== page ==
Later in the month, I had the good fortune to be a guest on the Garden DC Podcast. Hosted by Kathy Jentz, editor of Washington Gardener Magazine, this is an award winning podcast all about gardening in the greater Washington, DC., and Mid-Atlantic area. You can listen to the episode and see the full show notes at: https://washingtongardener.blogspot.com/2023/03/gardendc-podcast-episode-142-hydrangea.html or on YouTube at: https://youtu.be/tA0pWzsGemU. One listener gave it 5 stars and thought this about the episode: “…The hydrangea episode was fantastic. I learned so much. I have grown hydrangeas for MANY years, but can’t wait to implement your guest’s suggestions. Excellent podcast. Thank you…”
For an earlier podcast about “Understanding Hydrangeas: Pruning, Blooming, Color-Forcing & More”, you can also listen to the show I did with Joe Lamp’l, the Joe in Joe Gardener. Joe is one of the country’s most recognized and trusted personalities in gardening and green-living. As the founder and “Joe” behind joegardener.com, he’s all about gardening and horticulture through the best how-to videos, podcasts, online courses, and blog posts available, garnering many awards in all aspects of what he does.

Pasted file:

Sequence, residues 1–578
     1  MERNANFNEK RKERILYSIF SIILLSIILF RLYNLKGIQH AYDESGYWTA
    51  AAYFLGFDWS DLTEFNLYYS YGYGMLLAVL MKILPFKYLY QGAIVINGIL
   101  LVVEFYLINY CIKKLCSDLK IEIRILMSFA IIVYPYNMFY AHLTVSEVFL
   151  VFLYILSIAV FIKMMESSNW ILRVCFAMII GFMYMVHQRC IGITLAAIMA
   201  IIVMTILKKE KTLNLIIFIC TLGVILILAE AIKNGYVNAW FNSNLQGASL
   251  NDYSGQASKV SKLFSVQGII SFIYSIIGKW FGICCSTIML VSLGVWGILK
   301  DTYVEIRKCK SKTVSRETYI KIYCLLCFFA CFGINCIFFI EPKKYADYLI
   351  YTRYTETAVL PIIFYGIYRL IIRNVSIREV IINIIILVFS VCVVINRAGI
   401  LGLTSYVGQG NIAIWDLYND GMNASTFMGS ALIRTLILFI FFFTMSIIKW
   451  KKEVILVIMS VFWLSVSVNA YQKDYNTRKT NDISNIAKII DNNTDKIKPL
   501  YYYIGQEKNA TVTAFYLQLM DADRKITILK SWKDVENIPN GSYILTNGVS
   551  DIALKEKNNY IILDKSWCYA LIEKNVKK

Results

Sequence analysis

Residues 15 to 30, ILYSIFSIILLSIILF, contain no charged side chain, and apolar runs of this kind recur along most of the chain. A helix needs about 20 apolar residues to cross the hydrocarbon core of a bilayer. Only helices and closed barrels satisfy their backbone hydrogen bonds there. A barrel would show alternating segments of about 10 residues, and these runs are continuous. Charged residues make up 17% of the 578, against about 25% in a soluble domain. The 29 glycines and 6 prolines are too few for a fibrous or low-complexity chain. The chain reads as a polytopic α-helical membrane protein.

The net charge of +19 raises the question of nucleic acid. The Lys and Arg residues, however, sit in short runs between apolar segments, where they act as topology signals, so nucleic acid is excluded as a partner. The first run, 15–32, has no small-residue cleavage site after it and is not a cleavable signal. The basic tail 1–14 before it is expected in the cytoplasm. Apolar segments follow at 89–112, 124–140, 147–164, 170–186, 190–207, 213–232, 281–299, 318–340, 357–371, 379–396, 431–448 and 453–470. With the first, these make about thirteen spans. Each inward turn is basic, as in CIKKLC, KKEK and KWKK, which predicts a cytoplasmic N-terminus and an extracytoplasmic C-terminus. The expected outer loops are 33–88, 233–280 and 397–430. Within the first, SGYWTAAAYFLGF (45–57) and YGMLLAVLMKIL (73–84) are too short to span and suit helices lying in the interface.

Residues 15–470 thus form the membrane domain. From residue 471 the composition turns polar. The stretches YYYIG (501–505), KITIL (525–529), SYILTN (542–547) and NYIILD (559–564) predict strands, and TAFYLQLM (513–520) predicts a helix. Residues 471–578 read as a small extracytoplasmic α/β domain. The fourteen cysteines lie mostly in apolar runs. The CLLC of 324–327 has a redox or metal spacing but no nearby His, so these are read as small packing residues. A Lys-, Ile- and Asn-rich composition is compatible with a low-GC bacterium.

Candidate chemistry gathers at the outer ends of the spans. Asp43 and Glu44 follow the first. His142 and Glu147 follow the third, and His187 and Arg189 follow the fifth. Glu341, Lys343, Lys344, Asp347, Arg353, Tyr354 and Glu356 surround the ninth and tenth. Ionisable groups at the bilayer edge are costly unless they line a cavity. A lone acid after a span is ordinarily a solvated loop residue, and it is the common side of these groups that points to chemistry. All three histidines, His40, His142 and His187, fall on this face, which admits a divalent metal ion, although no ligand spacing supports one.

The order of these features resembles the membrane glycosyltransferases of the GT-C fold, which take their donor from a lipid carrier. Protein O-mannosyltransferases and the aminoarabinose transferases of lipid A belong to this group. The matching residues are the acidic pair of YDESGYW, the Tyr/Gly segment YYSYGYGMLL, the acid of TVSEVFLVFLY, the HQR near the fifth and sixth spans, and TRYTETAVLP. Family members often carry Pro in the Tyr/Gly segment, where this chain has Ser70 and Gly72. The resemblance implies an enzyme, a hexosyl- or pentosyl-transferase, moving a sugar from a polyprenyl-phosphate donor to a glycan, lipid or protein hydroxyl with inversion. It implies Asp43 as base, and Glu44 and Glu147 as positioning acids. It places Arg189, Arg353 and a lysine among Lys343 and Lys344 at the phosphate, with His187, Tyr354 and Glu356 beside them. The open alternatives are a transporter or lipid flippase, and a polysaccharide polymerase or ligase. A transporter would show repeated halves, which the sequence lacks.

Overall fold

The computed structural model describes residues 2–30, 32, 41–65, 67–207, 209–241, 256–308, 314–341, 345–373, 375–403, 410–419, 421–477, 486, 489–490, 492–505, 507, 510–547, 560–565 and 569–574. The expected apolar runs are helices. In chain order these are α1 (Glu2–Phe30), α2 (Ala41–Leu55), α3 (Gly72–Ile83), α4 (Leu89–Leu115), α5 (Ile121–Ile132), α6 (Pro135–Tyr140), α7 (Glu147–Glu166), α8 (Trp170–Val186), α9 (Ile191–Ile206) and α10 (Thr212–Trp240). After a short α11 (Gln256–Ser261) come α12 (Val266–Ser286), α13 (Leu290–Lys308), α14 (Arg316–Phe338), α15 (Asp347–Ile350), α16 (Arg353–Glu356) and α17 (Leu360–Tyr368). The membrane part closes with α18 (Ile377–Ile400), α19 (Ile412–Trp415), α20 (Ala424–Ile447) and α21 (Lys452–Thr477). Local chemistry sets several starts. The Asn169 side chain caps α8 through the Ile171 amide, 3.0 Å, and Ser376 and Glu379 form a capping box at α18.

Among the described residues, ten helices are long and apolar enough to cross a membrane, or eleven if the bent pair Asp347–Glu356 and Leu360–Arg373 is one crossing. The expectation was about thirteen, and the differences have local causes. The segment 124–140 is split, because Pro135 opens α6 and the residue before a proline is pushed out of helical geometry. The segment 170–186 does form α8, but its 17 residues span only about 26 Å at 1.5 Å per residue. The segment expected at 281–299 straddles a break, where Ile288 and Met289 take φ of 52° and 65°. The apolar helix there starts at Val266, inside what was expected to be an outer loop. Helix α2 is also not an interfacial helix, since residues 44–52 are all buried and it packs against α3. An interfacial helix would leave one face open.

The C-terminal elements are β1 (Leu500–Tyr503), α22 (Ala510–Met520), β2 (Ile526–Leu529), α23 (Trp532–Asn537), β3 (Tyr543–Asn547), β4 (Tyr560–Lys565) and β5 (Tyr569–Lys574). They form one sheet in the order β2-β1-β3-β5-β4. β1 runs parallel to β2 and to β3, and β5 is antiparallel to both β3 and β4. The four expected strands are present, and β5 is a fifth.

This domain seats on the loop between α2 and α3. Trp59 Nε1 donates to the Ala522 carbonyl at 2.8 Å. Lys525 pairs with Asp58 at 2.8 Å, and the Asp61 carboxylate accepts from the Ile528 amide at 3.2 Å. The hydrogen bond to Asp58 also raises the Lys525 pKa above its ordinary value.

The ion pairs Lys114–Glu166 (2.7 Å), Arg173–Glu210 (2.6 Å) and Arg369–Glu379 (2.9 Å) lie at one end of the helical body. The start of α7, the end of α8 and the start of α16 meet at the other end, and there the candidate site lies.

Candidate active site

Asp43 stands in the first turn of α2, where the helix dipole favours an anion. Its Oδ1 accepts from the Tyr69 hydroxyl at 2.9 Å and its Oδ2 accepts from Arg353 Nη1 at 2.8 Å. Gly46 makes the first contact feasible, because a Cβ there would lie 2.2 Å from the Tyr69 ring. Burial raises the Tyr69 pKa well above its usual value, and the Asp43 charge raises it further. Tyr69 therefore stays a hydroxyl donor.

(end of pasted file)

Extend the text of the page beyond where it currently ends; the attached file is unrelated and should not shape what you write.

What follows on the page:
MY NEWEST HYDRANGEA BOOK RELEASE
March was also the month that I finished the work on publishing an electronic version of Success With Hydrangeas. I am so pleased to tell you that my internationally best selling hydrangea book is now available in an electronic version. It is actually the “#1 New Release in Gardening and Horticulture Perennials” on Amazon.
You’ll get the same content as the print version with a few added photos. The Kindle Edition can be right at your fingertips, regardless of where you are. You get easy access to all the hydrangea info you need when you’re at the garden center or elsewhere. Plus there’s a “Look Inside” feature that gives you the chance to glance through a few pages before you make your buying decision. How cool is that?
I’ll be back soon with lots more hydrangea content. Enjoy the sun’s warmth and spring beauty as we wait for the big show from hydrangeas. It’s coming soon!
Thanks for reading.